Thank you to everyone who contributed to the success of the second Women Deliver global conference. To put world leaders on notice that the time for action on maternal health is now, 3,400 advocates, policymakers, development leaders, health care professionals, youth, and media from 146 countries converged on Washington, DC on June 7-9 at Women Deliver 2010. More than 800 speeches and presentations were given at the six plenaries and 120 breakout sessions.  The heads of five UN agencies, plus the Secretary-General of the United Nations, attended. Thirty countries, UN agencies, the World Bank, corporations, and foundations helped support Women Deliver. Please see below for highlights and recaps of the conference.

1. Key Statements. Read the outcome statements from the:

2. Webcasts. Watch the videos from our plenary sessions and our press conferences, and watch Hillary Clinton’s address to the Women Deliver 2010 attendees.

3. Photos. Take a look at photos from the plenary sessions, breakout sessions and other conference events, and download them at no cost.

4. Programme. Review the plenary and breakout sessions that were held at Women Deliver 2010.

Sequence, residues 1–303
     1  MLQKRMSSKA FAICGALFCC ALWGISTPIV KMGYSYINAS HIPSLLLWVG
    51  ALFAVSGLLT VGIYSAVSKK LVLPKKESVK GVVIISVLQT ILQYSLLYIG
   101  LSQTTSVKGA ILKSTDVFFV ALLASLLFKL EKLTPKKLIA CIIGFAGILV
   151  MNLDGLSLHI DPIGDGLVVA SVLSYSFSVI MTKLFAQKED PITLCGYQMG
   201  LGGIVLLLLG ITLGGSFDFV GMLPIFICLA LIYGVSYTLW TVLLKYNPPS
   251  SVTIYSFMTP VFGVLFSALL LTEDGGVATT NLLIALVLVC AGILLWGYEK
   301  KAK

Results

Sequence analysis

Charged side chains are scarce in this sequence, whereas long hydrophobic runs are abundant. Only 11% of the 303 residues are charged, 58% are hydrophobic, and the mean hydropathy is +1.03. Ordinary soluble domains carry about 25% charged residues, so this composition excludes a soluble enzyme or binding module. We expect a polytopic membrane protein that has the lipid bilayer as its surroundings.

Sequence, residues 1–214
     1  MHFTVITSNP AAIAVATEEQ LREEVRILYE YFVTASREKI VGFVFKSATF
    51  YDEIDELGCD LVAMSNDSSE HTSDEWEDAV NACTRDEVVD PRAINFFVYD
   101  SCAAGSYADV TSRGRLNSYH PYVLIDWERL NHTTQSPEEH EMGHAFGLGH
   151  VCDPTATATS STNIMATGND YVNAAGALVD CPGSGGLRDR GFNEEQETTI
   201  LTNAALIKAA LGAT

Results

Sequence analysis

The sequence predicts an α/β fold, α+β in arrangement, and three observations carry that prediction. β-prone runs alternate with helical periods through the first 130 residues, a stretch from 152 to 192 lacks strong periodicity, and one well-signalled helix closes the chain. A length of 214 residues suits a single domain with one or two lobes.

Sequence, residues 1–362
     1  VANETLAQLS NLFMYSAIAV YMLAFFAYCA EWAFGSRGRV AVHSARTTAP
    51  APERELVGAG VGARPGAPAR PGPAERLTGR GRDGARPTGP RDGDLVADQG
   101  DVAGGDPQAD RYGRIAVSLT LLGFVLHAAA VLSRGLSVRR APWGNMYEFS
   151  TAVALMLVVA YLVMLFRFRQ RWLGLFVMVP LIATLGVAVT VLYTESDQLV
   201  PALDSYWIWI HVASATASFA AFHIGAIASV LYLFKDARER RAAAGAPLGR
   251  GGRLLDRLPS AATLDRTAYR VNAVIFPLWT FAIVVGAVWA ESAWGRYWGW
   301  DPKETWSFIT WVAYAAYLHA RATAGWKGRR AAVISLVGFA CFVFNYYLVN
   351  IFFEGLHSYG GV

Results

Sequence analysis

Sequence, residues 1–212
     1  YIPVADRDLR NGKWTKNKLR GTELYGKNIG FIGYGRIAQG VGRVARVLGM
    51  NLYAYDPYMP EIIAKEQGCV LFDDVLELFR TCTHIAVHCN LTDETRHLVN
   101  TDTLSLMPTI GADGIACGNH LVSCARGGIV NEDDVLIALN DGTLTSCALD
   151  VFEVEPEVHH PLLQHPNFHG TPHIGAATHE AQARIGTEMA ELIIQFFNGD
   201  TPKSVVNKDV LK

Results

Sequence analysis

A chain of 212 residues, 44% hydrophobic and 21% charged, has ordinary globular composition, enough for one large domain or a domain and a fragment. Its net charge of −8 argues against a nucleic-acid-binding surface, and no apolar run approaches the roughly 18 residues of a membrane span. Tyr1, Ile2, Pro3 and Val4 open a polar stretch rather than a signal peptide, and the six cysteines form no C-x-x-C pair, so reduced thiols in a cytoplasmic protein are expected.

5. Publications and Advocacy Tools. Visit our Knowledge Center to download publications and advocacy tools, including:

Stay tuned for our summary report on breakout sessions by theme.

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On April 13th 2010, the New York Times published an article,  Maternal Deaths Decline Sharply Across the Globe, about the recent findings published in the Lancet that suggest a dramatic reduction in global maternal mortality. Since then, the paper has published a series of Letters to the Editor. These letters come  from leaders of organizations working on reproductive and maternal health and from health professionals working on maternal health on the ground in countries where maternal mortality continues to be a major problem.